The Cover 2 provides great versatility to the defense as the Cornerbacks can defend against the run, short pass and deep pass with the confidence that they have support from two deep safeties.  The main disadvantage of the Cover 2 occurs in the middle of the field between the Safeties.  In addition, this leaves just seven men in the Box to defend against the run (all four Defensive Backs are occupied either deep or on the edges of the field). Therefore, in Cover 2 the Cornerbacks have increased run stopping responsibilities and generally defend against shorter passes. Although if two receivers run a deep route on a certain side of the field, that side’s Cornerback has deep coverage responsibility as well. Cover 2 also relies heavily on the Middle (MLB or Mike) Linebacker’s ability to quickly drop deep downfield into pass coverage when he reads pass plays.  The front Defensive Linemen will have to take responsibility for putting pressure on the quarterback as the others are all involved in pass coverage to some extent.  If the Defensive Linemen are not able to accomplish this, the offense will have more time to create offensive opportunities. Blitzing in the Cover 2 often creates greater areas of weakness in the defense than other coverage, especially if unsuccessful.

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Cover 3:  There are three players in deep coverage.  These are the two cornerbacks and the Free Safety and they divide the deep part of the field into thirds.  An easy way to remember what personnel are used in the Cover 3 versus the Cover 2 is to remember that the only player involved in both schemes is the Free Safety.  He will be joined by either the other safety (for a total of 2) or the cornerbacks (for a total of 3) in deep coverage.  In the Cover 3 the Strong Safety moves up and typically covers the outside, middle area, functioning much like a linebacker.   This coverage focuses on preventing big pass plays and stopping the run, while giving up short passes. One of the biggest benefits of the Cover 3 scheme is the ability to walk the strong safety up into the Box with minimal to no changes in the coverage due to his position. The disadvantage is that Cover 3 schemes are susceptible to short, timed passes to the outside, middle of the field due to the deep positioning of both Cornerbacks. This puts pressure on the Outside Linebackers to react to pass plays and drop back quickly if they need to cover a receiver.  Another disadvantage of Cover 3 scheme is it is relatively easy to diagnose by opposing quarterbacks. Because of this, teams will often employ slight wrinkles in their coverage to confuse offenses. An example of this includes employing man coverage on one side and zone on another or swapping coverage zones amongst defenders.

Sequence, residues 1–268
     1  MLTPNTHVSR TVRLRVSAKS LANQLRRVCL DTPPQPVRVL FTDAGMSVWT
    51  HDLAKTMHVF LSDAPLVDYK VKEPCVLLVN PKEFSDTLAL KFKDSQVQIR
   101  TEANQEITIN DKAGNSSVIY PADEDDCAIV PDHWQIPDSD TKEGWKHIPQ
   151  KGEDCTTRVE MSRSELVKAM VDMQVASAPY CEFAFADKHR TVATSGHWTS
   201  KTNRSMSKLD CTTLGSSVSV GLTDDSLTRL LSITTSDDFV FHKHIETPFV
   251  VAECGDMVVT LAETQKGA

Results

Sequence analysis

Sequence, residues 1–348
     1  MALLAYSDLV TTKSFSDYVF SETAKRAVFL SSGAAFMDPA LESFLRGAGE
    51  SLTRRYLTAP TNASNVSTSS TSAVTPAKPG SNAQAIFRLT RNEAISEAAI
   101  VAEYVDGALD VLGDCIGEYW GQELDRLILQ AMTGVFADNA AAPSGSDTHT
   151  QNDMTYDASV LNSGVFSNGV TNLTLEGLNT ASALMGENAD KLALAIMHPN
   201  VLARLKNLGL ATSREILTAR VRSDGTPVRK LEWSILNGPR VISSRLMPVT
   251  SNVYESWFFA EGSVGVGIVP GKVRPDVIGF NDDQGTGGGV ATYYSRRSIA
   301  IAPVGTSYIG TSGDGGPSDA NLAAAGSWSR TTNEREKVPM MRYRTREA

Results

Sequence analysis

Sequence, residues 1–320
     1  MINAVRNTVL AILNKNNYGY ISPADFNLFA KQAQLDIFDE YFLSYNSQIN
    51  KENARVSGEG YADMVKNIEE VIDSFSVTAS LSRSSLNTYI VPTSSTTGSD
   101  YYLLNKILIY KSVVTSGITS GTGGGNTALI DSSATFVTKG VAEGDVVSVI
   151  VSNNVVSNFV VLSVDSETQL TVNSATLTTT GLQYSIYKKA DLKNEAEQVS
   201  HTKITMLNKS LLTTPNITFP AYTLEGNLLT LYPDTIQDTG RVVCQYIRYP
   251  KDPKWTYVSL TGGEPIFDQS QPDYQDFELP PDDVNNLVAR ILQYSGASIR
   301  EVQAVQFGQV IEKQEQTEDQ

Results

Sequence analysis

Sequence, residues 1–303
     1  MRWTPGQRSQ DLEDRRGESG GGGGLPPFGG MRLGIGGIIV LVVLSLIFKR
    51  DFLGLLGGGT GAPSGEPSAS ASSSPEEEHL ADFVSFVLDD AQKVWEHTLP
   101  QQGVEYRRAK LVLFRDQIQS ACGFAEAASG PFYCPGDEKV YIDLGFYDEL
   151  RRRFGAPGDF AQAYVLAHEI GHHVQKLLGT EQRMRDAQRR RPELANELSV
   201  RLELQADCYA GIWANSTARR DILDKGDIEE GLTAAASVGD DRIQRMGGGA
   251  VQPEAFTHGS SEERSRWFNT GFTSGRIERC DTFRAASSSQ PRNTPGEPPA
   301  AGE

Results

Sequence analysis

Deep 1/3(CB) Deep 1/3 (FS) Deep 1/3(CB)
Curl(LB) Hook/Curl(LB) Hook/Curl(LB) Curl(SS)
Flat No Cover Zone (man-to-man)(DE)       (DT)       (DT)       (DE) Flat
——line of scrimmage—–

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Cover 4:  This refers to having four deep defenders, each guarding one-fourth of the deep zone. The most basic Cover 4 scheme involves two cornerbacks and two safeties. The main advantage of a Cover 4 defense is that it is more difficult for quarterbacks to complete long passes against it. Therefore, this coverage is generally used as a Prevent Defense to be utilized near the end of a game or half.  Prevent Defense means that the defense sacrifices the run and short pass to avoid giving up the big play with the confidence that the clock will soon expire.  However, the quarterback is often able to make short and medium length passes and move the ball down the field.  Legendary NFL Coach and Commentator John Madden once said that the only thing the Prevent Defense does is prevent you from winning.